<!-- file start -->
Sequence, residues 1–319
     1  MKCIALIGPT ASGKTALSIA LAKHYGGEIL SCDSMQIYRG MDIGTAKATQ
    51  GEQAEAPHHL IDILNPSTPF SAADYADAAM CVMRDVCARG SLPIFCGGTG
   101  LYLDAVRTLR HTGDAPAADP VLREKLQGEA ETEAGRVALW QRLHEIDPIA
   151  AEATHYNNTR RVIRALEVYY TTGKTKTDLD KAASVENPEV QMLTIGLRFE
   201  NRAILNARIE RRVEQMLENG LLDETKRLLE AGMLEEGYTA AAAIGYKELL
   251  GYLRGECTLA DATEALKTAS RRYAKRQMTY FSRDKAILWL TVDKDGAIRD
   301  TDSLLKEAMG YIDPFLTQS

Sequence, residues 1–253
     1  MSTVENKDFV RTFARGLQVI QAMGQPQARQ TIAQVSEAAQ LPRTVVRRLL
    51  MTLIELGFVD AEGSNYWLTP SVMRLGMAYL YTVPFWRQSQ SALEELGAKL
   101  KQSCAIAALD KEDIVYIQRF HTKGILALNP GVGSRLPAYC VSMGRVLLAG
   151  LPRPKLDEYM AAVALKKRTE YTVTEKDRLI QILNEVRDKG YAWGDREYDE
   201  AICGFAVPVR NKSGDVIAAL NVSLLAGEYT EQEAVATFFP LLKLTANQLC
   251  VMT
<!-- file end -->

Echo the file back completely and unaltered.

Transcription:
Sequence, residues 1–319
     1  MKCIALIGPT ASGKTALSIA LAKHYGGEIL SCDSMQIYRG MDIGTAKATQ
    51  GEQAEAPHHL IDILNPSTPF SAADYADAAM CVMRDVCARG SLPIFCGGTG
   101  LYLDAVRTLR HTGDAPAADP VLREKLQGEA ETEAGRVALW QRLHEIDPIA
   151  AEATHYNNTR RVIRALEVYY TTGKTKTDLD KAASVENPEV QMLTIGLRFE
   201  NRAILNARIE RRVEQMLENG LLDETKRLLE AGMLEEGYTA AAAIGYKELL
   251  GYLRGECTLA DATEALKTAS RRYAKRQMTY FSRDKAILWL TVDKDGAIRD
   301  TDSLLKEAMG YIDPFLTQS

Sequence, residues 1–253
     1  MSTVENKDFV RTFARGLQVI QAMGQPQARQ TIAQVSEAAQ LPRTVVRRLL
    51  MTLIELGFVD AEGSNYWLTP SVMRLGMAYL YTVPFWRQSQ SALEELGAKL
   101  KQSCAIAALD KEDIVYIQRF HTKGILALNP GVGSRLPAYC VSMGRVLLAG
   151  LPRPKLDEYM AAVALKKRTE YTVTEKDRLI QILNEVRDKG YAWGDREYDE
   201  AICGFAVPVR NKSGDVIAAL NVSLLAGEYT EQEAVATFFP LLKLTANQLC
   251  VMT